by Mary Oliver

Every year
the lilies
are so perfect
I can hardly believe

their lapped light crowding
the black,
mid-summer ponds.
Nobody could count all of them —

the muskrats swimming
among the pads and the grasses
can reach out
their muscular arms and touch

only so many, they are that
rife and wild.
But what in this world
is perfect?

I bend closer and see
how this one is clearly lopsided —
and that one wears an orange blight —
and this one is a glossy cheek

half nibbled away —
and that one is a slumped purse
full of its own
unstoppable decay.

Still, what I want in my life
is to be willing
to be dazzled —
to cast aside the weight of facts

and maybe even
to float a little
above this difficult world.
I want to believe I am looking

into the white fire of a great mystery.
I want to believe that the imperfections are nothing —
that the light is everything — that it is more than the sum
of each flawed blossom rising and fading. And I do.

directly to your soul

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Drea Art
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West Wind 2
by Mary Oliver

You are young. So you know everything. You leap into the boat and begin rowing. But, listen to me. Without fanfare, without embarrassment, without any doubt, I talk directly to your soul. Listen to me. Lift the oars from the water, let your arms rest, and your heart, and your heart’s little intelligence, and listen to me. There is life without love. It is not worth a bent penny, or a scuffed shoe. It is not worth the body of a dead dog nine days unburied. When you hear, a mile away and still out of sight, the churn of the water as it begins to swirl and roil, fretting around the sharp rocks — when you feel the mist on your mouth and sense ahead the embattlement, the long falls plunging and steaming—then row, row for your life toward it.

the most tender

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Drea Art
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Invitation by Mary Oliver

Oh do you have time
to linger
for just a little while
out of your busy

and very important day
for the goldfinches
that have gathered
in a field of thistles

for a musical battle,
to see who can sing
the highest note,
or the lowest,

or the most expressive of mirth,
or the most tender?
Their strong, blunt beaks
drink the air

as they strive
melodiously
not for your sake
and not for mine

and not for the sake of winning
but for sheer delight and gratitude –
believe us, they say,
it is a serious thing

just to be alive
on this fresh morning
in the broken world.
I beg of you,

do not walk by
without pausing
to attend to this
rather ridiculous performance.

It could mean something.
It could mean everything.
It could be what Rilke meant, when he wrote:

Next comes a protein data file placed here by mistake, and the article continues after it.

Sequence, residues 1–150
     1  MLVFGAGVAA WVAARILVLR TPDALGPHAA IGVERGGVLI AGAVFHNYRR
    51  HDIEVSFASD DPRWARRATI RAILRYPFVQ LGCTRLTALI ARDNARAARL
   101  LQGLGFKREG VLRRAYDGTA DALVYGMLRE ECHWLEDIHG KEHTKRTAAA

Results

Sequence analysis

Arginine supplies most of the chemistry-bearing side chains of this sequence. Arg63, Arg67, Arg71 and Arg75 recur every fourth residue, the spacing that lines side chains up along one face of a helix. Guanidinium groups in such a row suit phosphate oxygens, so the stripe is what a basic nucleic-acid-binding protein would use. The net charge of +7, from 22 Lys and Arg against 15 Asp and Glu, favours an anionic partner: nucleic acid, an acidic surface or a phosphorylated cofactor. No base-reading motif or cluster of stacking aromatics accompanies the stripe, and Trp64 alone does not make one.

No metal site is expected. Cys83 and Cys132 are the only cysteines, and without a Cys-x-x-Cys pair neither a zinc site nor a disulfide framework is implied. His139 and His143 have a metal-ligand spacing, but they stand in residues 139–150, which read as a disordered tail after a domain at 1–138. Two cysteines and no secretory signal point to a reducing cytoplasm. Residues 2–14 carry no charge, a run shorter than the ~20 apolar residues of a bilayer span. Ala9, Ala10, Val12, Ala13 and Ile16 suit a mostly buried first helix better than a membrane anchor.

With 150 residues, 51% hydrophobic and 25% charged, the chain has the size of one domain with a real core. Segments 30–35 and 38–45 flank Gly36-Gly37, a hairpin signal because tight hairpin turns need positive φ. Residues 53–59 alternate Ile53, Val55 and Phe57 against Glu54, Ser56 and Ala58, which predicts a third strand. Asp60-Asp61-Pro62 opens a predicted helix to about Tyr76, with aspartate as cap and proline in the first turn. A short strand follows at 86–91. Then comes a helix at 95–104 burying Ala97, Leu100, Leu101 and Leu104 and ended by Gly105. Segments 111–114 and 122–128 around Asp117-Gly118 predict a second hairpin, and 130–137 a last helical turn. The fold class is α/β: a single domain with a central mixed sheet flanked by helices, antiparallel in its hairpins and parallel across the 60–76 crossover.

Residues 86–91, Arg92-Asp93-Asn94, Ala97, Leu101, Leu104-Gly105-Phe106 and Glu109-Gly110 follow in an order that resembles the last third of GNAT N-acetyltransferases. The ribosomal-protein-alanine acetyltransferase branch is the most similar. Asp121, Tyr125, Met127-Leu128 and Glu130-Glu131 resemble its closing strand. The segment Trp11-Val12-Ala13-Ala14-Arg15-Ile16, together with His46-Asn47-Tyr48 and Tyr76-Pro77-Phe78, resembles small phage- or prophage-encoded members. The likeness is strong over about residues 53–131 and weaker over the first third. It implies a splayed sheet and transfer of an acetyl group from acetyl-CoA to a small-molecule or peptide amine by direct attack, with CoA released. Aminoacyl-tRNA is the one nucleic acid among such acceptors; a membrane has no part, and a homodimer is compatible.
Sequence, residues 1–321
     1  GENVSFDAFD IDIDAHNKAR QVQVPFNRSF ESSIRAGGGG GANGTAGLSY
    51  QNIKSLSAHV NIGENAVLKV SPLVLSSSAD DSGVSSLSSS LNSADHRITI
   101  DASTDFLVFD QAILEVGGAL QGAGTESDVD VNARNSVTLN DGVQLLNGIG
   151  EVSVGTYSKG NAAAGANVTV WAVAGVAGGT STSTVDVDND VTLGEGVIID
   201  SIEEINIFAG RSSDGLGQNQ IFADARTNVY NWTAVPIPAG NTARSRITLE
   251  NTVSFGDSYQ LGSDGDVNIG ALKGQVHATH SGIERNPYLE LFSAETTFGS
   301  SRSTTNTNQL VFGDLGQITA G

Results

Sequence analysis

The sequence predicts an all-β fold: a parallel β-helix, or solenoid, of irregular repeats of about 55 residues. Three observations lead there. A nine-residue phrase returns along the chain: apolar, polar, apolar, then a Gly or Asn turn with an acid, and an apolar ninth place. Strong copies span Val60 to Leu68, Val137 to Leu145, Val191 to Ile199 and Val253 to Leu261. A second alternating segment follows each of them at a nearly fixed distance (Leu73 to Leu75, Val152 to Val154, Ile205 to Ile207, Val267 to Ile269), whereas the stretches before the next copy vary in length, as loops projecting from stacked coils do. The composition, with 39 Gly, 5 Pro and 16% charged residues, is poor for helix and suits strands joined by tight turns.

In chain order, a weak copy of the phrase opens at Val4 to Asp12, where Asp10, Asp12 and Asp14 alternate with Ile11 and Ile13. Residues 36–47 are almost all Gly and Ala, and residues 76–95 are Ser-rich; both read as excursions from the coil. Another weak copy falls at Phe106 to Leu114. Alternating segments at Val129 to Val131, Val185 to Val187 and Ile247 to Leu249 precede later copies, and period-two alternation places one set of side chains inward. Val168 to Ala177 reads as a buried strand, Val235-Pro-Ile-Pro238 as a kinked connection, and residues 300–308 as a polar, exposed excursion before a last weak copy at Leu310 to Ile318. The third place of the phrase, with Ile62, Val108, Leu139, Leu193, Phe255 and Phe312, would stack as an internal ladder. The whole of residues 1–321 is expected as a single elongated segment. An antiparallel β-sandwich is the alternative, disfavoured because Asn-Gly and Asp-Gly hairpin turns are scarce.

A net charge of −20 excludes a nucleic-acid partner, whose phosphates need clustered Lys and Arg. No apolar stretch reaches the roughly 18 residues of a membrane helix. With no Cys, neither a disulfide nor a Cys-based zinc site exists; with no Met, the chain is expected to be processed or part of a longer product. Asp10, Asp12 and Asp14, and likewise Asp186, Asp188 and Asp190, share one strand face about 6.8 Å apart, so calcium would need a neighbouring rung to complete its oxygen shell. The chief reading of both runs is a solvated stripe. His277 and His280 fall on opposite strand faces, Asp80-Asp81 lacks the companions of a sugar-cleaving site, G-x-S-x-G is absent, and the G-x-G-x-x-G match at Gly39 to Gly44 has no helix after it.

You must change your life.

interview

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Drea Art
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The painter from California in the USA has already learned from her grandmother, who was also an artist and painter. Later, Andrea passed on these skills as a teacher in class and imparted knowledge and wisdom via art. But that’s what she does with her art in general and tries to animate and motivate people in her surrounding and online around the world. What to do? Yes, of course! To discover the creativity in oneself and to be active artistically! Art liberates, art relaxes, art brings new ideas, art expands the senses and perspectives of how we look at the world. Above all, art connects in a very special way people to each other and people to themselves. – Gunther Michels

how it began

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Drea Art
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Of Love
by
Mary Oliver

I have been in love more times than one,
thank the Lord. Sometimes it was lasting
whether active or not. Sometimes
it was all but ephemeral, maybe only
an afternoon, but not less real for that.
They stay in my mind, these beautiful people,
or anyway beautiful people to me, of which
there are so many. You, and you, and you,
whom I had the fortune to meet, or maybe
missed. Love, love, love, it was the
core of my life, from which, of course, comes
the word for the heart. And, oh, have I mentioned
that some of them were men and some were women
and some—now carry my revelation with you—
were trees. Or places. Or music flying above
the names of their makers. Or clouds, or the sun
which was the first, and the best, the most
loyal for certain, who looked so faithfully into
my eyes, every morning. So I imagine
such love of the world—its fervency, its shining, its
innocence and hunger to give of itself—I imagine
this is how it began.